Call 112 in case of an emergency. You do not have to pay for transport to the hospital with an ambulance in case of an emergency. In this case, German health insurance covers the transportation costs. Do not call a cab in case of emergency: it takes longer, is less secure and you have to pay yourself.

I do not advise going directly to a hospital if your health issue is not urgent. Better go to the family doctor first who then refers you to a specialist if necessary. A family doctor is also referred to as Allgemeinmediziner or Hausarzt. Enter you postal code in this tool to find available doctors next to you.

Sick notes and medicine prescriptions in Germany

Any doctor can hand out sick notes (Krankschreibung) but doctors in emergency rooms never hand out sick notes. You need to present a Krankschreibung to your employer to take sick leave. Often you only need to hand in a sick note in case you are sick for several days. Please check your employers' regulations for this.

Until 2023 the sick note was an actual piece of paper. Starting in 2023 the paper workflow has been replaced but you still need to visit a doctor in person to be declared sick and unable to work. au-schein.de offers a digital sick note after consulting one of their doctors via video chat.

Sick days don't have to be taken as holidays in Germany. On the contrary: sick days while you are on leave don't count towards your number of free days.

Employers are forced by law to continue paying salaries in case of sickness for up to 6 weeks. For a small monthly extra fee, public health insurance pays part of your salary for up to 78 weeks in the case of sick leave after 30 days.

Doctors give you medicine prescriptions on paper called Rezept, then you walk to to the pharmacy and present the paper to get your medicine.

*Disapo.de sends medicine and anything you would buy in a pharmacy to your home, including *prescription pharmaceuticals using an E-Rezept.

What is covered by health insurance in Germany?

Public health insurance covers dentists but you might want to pay extra for better-quality dental crowns. Orthodontic treatments up to the age of 18 are usually included. Not all health insurers cover dental cleanings by the dentist. Dental cleanings are mostly not included and cost around 100.-€.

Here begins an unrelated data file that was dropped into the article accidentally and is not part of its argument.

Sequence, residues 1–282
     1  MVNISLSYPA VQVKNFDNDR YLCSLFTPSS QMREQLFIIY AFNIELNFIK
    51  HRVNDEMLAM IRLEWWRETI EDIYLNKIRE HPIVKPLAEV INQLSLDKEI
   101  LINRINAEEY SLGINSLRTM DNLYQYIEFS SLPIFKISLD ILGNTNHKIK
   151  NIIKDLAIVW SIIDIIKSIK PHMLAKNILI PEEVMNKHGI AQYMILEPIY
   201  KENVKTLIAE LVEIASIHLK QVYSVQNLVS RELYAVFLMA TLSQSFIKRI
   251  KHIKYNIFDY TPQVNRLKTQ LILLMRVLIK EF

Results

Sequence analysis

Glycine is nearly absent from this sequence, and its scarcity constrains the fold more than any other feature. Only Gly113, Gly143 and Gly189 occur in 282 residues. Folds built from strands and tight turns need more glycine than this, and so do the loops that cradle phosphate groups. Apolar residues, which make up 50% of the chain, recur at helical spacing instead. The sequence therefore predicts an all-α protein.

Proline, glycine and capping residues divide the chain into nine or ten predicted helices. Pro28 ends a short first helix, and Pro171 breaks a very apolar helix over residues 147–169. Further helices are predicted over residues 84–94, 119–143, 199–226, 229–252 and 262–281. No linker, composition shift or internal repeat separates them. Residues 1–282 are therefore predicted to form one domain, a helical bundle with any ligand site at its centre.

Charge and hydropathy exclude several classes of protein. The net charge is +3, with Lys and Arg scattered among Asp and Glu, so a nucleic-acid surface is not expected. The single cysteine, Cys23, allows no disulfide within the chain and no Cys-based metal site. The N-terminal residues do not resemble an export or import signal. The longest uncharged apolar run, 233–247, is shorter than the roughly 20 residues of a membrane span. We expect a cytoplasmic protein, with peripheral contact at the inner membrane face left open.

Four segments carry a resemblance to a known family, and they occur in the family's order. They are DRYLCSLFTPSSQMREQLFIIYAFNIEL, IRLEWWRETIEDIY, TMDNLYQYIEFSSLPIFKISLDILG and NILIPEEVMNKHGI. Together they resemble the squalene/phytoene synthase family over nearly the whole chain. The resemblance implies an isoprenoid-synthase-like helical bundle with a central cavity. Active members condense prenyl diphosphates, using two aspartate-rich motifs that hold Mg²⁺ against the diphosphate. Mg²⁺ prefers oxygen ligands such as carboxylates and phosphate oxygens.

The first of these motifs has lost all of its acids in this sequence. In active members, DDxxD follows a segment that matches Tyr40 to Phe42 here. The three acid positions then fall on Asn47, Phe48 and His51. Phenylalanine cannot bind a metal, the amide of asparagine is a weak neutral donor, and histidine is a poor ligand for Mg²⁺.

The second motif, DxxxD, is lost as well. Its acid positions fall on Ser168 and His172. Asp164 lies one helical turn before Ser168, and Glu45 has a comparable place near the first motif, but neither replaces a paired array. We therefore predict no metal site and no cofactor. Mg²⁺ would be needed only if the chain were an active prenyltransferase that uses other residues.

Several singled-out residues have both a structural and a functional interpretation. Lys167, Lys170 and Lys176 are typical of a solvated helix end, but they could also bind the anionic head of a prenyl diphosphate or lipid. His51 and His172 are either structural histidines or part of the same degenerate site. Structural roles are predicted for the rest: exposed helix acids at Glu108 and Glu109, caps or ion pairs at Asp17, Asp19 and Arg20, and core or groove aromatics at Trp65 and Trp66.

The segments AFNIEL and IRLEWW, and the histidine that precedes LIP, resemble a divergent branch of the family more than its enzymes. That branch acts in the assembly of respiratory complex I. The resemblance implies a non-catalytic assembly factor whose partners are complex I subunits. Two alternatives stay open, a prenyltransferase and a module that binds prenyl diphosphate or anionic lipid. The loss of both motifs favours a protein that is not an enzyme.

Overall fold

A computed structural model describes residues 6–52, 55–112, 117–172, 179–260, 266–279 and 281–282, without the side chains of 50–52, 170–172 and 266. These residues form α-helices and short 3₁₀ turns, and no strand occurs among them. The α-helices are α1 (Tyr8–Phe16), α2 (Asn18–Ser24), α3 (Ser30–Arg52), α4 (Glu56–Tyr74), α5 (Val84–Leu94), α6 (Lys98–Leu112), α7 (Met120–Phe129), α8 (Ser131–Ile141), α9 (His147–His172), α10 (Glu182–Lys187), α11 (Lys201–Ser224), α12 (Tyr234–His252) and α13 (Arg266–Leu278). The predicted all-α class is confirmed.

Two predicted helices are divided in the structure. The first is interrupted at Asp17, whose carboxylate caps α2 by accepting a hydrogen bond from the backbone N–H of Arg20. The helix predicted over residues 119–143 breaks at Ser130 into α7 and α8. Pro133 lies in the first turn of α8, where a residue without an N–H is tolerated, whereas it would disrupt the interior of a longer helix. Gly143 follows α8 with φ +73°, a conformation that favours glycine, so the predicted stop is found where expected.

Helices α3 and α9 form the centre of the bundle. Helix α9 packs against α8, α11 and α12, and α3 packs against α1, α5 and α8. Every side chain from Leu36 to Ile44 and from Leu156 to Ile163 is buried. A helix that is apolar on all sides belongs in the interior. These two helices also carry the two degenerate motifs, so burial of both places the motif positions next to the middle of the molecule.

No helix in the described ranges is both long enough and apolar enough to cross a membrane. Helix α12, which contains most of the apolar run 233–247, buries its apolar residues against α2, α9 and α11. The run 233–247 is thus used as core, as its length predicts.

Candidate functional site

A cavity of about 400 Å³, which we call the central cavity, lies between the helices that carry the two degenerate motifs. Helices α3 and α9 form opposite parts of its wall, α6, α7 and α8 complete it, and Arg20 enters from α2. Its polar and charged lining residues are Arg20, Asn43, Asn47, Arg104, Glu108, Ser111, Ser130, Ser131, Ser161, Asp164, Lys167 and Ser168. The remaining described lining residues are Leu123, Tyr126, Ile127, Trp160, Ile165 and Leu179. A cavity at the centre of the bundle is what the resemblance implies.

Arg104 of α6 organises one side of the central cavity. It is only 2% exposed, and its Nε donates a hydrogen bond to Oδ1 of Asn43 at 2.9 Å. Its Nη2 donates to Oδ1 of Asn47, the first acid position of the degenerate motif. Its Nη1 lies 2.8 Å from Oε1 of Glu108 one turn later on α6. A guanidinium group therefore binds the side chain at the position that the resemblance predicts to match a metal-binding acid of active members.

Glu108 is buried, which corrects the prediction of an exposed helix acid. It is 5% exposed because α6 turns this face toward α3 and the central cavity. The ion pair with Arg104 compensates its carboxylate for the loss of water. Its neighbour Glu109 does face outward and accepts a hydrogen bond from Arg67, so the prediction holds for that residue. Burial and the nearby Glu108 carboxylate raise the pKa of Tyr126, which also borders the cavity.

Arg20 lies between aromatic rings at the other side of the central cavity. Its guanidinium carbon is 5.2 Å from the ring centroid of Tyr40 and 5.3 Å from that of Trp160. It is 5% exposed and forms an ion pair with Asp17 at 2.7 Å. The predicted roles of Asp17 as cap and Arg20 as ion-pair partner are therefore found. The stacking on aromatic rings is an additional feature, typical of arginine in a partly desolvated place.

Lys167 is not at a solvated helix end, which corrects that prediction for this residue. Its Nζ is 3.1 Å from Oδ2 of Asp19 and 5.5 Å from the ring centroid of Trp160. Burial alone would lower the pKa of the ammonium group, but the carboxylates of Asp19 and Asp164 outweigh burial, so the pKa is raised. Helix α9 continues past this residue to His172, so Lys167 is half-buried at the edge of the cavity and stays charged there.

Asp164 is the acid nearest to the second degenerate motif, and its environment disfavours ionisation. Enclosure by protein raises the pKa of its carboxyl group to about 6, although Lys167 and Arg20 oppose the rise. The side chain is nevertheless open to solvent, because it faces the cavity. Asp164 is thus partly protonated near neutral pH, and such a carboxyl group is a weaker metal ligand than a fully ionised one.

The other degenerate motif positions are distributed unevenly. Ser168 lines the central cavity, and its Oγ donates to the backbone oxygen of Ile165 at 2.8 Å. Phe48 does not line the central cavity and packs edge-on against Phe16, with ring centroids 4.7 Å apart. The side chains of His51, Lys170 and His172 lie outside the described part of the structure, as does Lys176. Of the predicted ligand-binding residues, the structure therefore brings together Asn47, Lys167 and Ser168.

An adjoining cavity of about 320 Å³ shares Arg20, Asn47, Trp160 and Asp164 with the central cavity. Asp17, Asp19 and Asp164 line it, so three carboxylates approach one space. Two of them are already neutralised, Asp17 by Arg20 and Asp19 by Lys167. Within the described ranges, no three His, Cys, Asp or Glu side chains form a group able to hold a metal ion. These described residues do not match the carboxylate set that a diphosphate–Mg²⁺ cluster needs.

Extra dental insurance is advised if you have many dental visits. We recommend *Feather dental insurance for English-speaking expats.

Eye care doctor visits are covered but public health insurance usually only cover part of the costs of glasses and usually do not pay for contact lenses source.

A spouse or registered partner without a job or working only a limited amount of time and minor children are insured with the main contributor at no extra costs in public health insurance (Familienversicherung) source.

Prescribed medication should not cost you more than 10.- Euro. Prescribed medication for minors is free. You need a prescription from a doctor before going to the pharmacy in order to benefit from this.

Vaccinations, except travel vaccinations, are included in public health insurance.

Maternity care is covered by the German health insurance system. Gynecologists, childbirth including cesarean section as well as the hospital stay after birth is paid by German health insurance. My family had public health insurance when my children were born and we opted to pay around an additional 400.- Euro for an optional midwife doing several house visits during pregnancy, accompaniment during birth and for a couple of weeks after birth.

The separation between public and private health infrastructure is less strong than in other European countries. While there are specialists who only accept privately insured patients, the German health infrastructure can generally be used by all.

Read more about the benefits of public vs. private health insurance in Germany or go directly to the health insurance plans review.